This study has been a long time coming. Before I recognized what “creativity” was, I enjoyed it. Some people are wired that way. When not actively using their creativity, they don’t feel fulfilled or feel that something’s missing. Others don’t consider themselves a “creative sort” because maybe they can’t draw or don’t have a good sense of what colors work well together when decorating a room. And there are still others who just don’t enjoy it, who would rather work with numbers than a paintbrush or read about past historic figures than experiment with flavors in the kitchen.
Even so, I would contend that creativity is at least a part of each of us, made in the image of the Creator. It just manifests in different ways. This doesn’t necessarily mean being able to make something brand-new that will amaze anyone who looks at it. Let’s take a look at Ecclesiastes 1:9-11.
This passage states a basic truth that, if we apply logic, we will come to the same conclusion that Solomon did. Nothing is new. Whether we’re looking at a tree or a color or a meal…we aren’t doing anything new with our crafting. The tree, even when a sprout, came from a seed that another tree dropped. We cannot invent a new color. Food, while able to be prepared in a variety of methods and combinations, is still the same things that have been used for ages.
So what’s the point? Why pursue creativity?
Because it’s a part of how we are wired. Read Genesis 9:6. It’s couched in a passage about God blessing Noah and his family after the Flood, and God tells them that while eating animals is acceptable, they need to not eat animals before the life – the blood – has been drained from it. Further, man’s life is of greater import and God will require a reckoning from the one who spills the blood of man. Why? Because man is made in the image of God, the end of the verse tells us.
What in this verse stands out to you, whether in relation to creativity or in relation to life in general?
Not only is this verse a clear statement of the value of human life, but it also is a reinforcement of the fact that we are indeed stamped with the image of God, with the image of the Creator. This is why our lives have such value, because of whose image we bear. This is also why we are creators and makers. Because God is. Plants and animals and the rest of creation is beautiful, but it is not creative. It doesn’t make things in the same way that we do.
Let’s hop over to Colossians 3:9-11. As you read, remember that right before this passage, Paul is reminding the Colossians that they must put away the things of darkness, of sin. This is the other side of creativity—it isn’t used just for good. Sinful humanity’s minds can come up with a lot of ways to dress the sins of pride and selfishness. But as followers of Christ, who have been called by Him, we are called to put away those practices and to put on the new self, the restored image of our God, that we bear.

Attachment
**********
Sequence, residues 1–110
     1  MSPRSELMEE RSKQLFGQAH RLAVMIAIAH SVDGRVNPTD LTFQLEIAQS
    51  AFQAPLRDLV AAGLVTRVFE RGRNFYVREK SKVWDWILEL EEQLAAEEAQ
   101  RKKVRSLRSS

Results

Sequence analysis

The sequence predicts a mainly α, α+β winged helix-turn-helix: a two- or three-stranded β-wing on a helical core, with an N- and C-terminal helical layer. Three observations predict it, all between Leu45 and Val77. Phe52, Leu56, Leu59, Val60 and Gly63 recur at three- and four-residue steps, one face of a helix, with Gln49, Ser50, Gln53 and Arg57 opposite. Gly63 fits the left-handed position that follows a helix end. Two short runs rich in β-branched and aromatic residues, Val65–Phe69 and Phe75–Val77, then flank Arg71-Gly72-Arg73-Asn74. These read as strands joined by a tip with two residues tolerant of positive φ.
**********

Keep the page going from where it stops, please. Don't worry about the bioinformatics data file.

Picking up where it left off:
My good friend, Heidi Goehmann of I Love My Shepherd, recently authored a video and book Bible Study on Song of Solomon called Altogether Beautiful. It’s available today, from Concordia Publishing House (yay! I’m so excited for this, and love how beautifully it fits with our study today!) One of the central themes of her study centers around the fact that because of sin, our ability to see beauty rightly has also been broken. But we are beautiful, each of us, in and out, because God made us, put His image on us, and redeemed us in Christ.
Creativity is about beauty. Maybe not visual beauty always, though often it is. But remember, even the broken is beautiful. A mosaic is comprised of tiny, broken pieces of glass or stone. Yet these are some of the most amazing works of art, possibly because they take something broken and create something lovely.
Creativity allows us to see something in a new way. For those of us who don’t feel very creative most of the time, I encourage you to try exercising your creativity in a small way. Color a picture in a coloring book—it’s a great stress-reliever. Try a cross-stitch kit—it tells you exactly what to do! We’ll be having tutorials in the coming weeks, geared toward people who aren’t experienced in each craft. Give them a try. And if you don’t like it, don’t worry—there are plenty more to try!
Tomorrow, we’ll dig more into the Fall into sin and God’s creative answer to that. In the meantime, I’d love to hear about what creative endeavors you’d like to try, or that you tried and just couldn’t get into. We can’t all be experts in everything, and that’s ok. Until tomorrow, dear friends.